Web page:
Mr French suggests using other methods of transport or lift-sharing to save on fuel costs, but if you have to drive, then do so smoothly he says and get rid of any extra weight from your car. Hard braking and accelerating use more fuel, he says.
He adds that the cheapest petrol and diesel tends to be at supermarket forecourts and that they use the exact same fuel as that found at branded petrol stations.
Mr French said that few cars derive little benefit from premium unleaded petrol which is more expensive.
Interest rates have increased to 0.75% and while this is historically low, it means mortgage payments on variable rates have increased.
If you're struggling to make payments, Mr French suggests talking to your provider and bank who may be able to get you a new deal or allow you to underpay for a short while.
He also suggests looking at your bank statement and assessing your regular outgoings. Are there things you don't need, for example money spent on takeaway hot drinks when travelling, or direct debits for things you rarely use, such as the gym. If you can live without these things, he suggests getting rid of them.
Mr French also suggests looking for a better deal if you're coming to the end of your mortgage deal, or switching if your fixed rate is coming to an end.
"Renters are often in a stronger position than they think," says Mr French.
If you're struggling to make your payments, speak to your landlord he says. If you've been a good tenant, they may be willing to cut your rent in the short-term and a reduced rent is a better deal for them than you moving out and their home sitting empty for a month or two.
He adds that renters don't have to agree to an increase from their landlord and if they do decide to evict you, they must give you at least 30 days notice.
Ultimately though "there is a lack of protection for renters across the board", he says.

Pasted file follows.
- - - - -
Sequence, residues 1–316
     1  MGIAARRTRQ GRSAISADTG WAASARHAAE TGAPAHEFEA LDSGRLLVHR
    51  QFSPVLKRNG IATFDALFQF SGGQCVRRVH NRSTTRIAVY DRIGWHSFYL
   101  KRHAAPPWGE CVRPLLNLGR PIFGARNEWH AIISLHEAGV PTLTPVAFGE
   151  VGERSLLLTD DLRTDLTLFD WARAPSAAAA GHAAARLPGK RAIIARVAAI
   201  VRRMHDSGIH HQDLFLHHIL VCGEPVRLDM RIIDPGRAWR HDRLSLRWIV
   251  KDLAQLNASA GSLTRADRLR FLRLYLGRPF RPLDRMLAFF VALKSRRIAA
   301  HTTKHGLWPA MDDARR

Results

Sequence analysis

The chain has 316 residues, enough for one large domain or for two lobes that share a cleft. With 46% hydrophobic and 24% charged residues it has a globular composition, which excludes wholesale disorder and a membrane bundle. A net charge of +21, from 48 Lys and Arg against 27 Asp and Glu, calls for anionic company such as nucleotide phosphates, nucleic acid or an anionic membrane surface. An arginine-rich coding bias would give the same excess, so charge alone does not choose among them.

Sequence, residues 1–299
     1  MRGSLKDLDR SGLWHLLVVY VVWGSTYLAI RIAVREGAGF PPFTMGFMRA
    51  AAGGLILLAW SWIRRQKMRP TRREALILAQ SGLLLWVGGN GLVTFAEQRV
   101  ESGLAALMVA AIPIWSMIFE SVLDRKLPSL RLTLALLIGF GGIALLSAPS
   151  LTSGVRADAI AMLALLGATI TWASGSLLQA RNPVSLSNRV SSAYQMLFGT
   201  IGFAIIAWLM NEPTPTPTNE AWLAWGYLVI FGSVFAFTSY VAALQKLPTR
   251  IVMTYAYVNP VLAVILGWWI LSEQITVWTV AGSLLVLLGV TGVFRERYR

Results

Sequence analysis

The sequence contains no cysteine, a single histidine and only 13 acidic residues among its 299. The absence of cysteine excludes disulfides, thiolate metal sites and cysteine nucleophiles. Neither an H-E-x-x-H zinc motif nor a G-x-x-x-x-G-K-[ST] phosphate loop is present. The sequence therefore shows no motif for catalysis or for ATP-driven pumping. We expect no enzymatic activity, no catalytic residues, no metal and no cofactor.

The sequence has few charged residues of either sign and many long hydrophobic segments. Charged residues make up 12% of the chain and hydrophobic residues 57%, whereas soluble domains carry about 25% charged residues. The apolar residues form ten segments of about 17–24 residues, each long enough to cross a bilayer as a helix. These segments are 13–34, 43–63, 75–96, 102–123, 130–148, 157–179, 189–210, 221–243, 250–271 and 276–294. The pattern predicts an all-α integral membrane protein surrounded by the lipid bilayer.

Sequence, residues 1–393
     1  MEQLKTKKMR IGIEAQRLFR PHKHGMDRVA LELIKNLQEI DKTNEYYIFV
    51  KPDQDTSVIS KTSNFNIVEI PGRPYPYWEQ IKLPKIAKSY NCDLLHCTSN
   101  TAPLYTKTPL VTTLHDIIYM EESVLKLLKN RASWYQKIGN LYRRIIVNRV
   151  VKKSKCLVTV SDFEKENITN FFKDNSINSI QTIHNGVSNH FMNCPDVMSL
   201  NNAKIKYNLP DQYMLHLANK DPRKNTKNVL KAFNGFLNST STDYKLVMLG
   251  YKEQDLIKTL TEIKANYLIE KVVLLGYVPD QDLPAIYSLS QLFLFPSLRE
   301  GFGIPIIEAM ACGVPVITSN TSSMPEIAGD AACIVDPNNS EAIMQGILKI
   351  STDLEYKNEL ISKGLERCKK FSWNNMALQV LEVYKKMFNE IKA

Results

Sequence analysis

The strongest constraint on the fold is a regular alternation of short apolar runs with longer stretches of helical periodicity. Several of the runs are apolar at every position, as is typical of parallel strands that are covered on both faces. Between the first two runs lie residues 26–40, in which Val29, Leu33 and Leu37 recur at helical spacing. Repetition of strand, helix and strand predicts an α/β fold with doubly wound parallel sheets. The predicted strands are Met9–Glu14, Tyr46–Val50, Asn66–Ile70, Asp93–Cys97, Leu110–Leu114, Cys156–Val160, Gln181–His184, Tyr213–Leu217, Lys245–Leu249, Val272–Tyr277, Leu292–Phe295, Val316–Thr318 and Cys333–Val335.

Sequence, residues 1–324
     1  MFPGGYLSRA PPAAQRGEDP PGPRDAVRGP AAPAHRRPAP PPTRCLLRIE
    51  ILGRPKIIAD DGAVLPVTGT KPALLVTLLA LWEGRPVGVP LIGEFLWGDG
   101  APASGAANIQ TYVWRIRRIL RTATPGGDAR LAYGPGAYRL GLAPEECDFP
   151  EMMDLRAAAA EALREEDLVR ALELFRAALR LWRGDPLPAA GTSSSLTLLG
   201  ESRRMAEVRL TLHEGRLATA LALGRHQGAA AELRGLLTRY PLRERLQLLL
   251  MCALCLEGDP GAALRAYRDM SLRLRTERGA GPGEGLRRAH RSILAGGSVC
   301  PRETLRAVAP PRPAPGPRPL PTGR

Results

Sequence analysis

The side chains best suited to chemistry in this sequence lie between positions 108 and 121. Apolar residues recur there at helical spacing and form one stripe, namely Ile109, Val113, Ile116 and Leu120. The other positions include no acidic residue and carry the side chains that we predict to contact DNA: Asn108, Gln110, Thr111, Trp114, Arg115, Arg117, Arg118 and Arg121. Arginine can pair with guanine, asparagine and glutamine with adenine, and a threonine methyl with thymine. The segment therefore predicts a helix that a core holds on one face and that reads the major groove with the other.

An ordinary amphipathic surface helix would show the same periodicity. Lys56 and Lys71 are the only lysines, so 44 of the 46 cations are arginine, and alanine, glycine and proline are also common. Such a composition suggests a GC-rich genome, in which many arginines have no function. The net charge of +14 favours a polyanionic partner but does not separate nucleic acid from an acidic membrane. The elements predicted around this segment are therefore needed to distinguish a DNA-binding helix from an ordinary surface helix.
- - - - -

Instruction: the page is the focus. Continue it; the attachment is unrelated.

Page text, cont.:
Food is also being impacted by the inflation rise, with prices 5.2% higher than they were a year ago. However, this is an average and some staples have increased by significantly more than this.
To save money on your food shops, make a list and stick to it, advises Mr French.
He also suggests swapping branded items for a supermarket's own version. As well as being cheaper, these often perform better in blind taste testing he says, citing the example of Tesco's own brand marmite which out-performed the original.
Mr French says loyalty cards may also offer savings, but cautions that deals advertised in supermarkets may not be the cheapest option.
He also suggests shopping in bigger supermarkets which stock more options, and says that Aldi and Lidl are constantly proven to be the cheapest places to do your shop.
Citizens Advice can refer anyone who is struggling with rising food prices to a food bank, or you can get a referral from an organisation which is already supporting you, for example a charity, school or children's centre.
From April 6, National Insurance (NI) increased by 1.25 percentage points for all taxpayers in the UK.
This was announced in September as part of a health and social care levy aimed at increasing funding for the NHS and care industry.
The amount employers need to contribute to NI will also increase by the same amount which could discourage wage increases.
However, from July nearly 30 million UK workers will have their taxes cut through the rise in the threshold at which NI is paid, while 2.2 million will be taken out of paying national insurance contributions (NIC) altogether.
NI starting thresholds will rise to £12,570 from July, aligning income tax and NI in a tax cut worth more than £6 billion.
On the increase in National Insurance, "there's not a lot you can do" to stop your contributions from rising, says Mr French, but adds that if you're working past the state retirement age of 66 you do not need to pay NI.
Where to get help
Another charity called Turn 2 Us also offers support and can help you find any benefits or grants you may qualify for if you need a bit of support with your bills.
If you are struggling to make payments, then contact the company you are making payments to or your council.